When the Germans invaded Poland and started World War II, Saint Maximilian Kolbe was one of the few men to stay at his monastery; here he would care for others in a temporary hospital.
Once the town was captured by the Germans, he was arrested on September 19, but released on December 8.
The Germans tried to get him to sign the Deutsche Volksliste, which in turn would grant him the same rights as German civilians as long as he recognized his German ancestry.
Once he was released, he returned to his monastery, where he and his fellow monks would provide shelter to the refugees from Greater Poland, which included 2,000 Jews who he hid from their German capturers.
Kolbe even got permission to continue printing religious works, though it was reduced from what he had printed before.
Though religious works were not all he published, the monastery became a publishing house of anti-Nazi propaganda. On the 17th of February 1941, the monastery was seized and shut down by the German authorities, Kolbe and four other men were arrested by the Gestapo before being taken to the Pawiak Prison.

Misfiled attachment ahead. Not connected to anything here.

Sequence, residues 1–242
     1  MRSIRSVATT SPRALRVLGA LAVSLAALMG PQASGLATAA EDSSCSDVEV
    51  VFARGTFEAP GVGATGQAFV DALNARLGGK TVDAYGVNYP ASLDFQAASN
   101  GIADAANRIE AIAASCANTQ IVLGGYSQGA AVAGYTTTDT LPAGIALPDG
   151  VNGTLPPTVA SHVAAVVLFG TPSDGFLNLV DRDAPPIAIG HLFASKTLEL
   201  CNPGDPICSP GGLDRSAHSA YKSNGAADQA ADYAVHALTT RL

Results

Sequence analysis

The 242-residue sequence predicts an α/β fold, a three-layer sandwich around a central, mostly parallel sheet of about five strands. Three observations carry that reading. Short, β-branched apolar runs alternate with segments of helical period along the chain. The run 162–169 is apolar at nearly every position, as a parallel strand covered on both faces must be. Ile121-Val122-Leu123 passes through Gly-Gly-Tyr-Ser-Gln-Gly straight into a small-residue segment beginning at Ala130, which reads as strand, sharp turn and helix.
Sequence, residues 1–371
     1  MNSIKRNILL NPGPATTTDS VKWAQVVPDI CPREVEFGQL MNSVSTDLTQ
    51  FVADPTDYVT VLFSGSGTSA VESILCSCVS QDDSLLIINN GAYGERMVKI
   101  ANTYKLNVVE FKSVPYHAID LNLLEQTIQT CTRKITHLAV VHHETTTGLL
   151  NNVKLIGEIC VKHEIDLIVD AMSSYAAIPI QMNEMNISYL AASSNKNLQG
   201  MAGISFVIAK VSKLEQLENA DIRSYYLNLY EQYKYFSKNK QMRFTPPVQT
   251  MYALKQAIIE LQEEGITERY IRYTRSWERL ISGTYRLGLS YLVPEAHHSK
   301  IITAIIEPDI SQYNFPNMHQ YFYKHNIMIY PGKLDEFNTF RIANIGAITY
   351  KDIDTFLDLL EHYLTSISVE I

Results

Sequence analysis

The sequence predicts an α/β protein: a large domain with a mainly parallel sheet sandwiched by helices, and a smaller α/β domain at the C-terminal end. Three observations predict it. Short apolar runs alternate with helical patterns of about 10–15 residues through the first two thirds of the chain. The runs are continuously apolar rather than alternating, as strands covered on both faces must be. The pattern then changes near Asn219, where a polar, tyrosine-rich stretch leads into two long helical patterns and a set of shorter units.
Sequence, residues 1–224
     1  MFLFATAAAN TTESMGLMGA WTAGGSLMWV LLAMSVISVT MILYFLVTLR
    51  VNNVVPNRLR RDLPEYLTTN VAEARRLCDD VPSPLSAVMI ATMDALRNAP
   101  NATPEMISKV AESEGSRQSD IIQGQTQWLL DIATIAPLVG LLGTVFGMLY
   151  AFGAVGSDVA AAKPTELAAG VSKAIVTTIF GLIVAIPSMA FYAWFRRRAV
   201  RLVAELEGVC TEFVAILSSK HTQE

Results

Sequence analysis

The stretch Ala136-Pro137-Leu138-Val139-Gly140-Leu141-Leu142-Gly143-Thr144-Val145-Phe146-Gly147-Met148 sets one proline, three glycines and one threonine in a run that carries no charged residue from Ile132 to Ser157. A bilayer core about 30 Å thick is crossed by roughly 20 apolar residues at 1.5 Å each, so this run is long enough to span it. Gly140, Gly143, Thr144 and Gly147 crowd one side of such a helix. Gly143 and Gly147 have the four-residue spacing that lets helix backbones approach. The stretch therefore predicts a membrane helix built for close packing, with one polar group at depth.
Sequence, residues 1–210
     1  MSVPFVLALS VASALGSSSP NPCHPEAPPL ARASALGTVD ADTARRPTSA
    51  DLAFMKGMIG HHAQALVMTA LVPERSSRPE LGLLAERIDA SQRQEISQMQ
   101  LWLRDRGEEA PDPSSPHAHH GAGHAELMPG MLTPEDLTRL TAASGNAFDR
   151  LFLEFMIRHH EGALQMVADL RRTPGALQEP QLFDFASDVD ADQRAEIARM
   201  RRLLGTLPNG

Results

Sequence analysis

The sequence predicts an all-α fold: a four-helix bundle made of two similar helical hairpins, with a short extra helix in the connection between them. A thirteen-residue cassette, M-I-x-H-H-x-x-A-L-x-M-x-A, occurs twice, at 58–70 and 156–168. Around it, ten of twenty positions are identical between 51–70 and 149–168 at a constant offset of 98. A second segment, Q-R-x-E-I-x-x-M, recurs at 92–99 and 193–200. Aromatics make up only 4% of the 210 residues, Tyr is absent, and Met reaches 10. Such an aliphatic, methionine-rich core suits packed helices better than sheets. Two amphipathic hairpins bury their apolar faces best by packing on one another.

On the 28th of May, he was transported to Auschwitz and designated prisoner #16670.
Even through all this, he continued his work as a priest in Auschwitz, which drew a lot of hate and harassment; he was beaten by the guards so badly that a group of friendly inmates had to smuggle him to the prison hospital.
Kolbe was sent to the work camp, where his duties included carrying heavy blocks that would be used to build the crematorium.
Overseeing the workers was a vicious man named “Bloody Krott” who singled out Kolbe, he treated him the worst of all.
The other workers said that Kolbe would take his beatings calmly.
On one noted occasion, Krott made Kolbe carry the heaviest load until he collapsed, when he did, Krott beat him within an inch of his life, leaving him to die in the mud.
Near the end of July 1941, three unknown prisoners escaped Auschwitz which made SS-Hauptsturmfuher Karl Fritzsch furious.
He decided he would have ten prisoners starve to death as punishment and a warning to the rest.
A man named Franciszek Gajowniczek was picked, he then began to cry out about his wife and children, prompting Kolbe to volunteer in his place.
A witness in his prison cell saw Kolbe leading the prisoners in prayer.
Each time a guard came to check, he saw Kolbe standing or kneeling in the middle of the cell, looking calmly at anyone that entered.
After two weeks of this, only Kolbe remained. The guards, however, wanted the cell empty, so they gave Kolbe a lethal injection of Carbolic acid.
It is said that Kolbe simply raised his arm and waited for the injection. His remains were cremated the 15th of August, the feast day of the Assumption of Mary.
Kolbe was later considered a martyr by the church and declared a saint.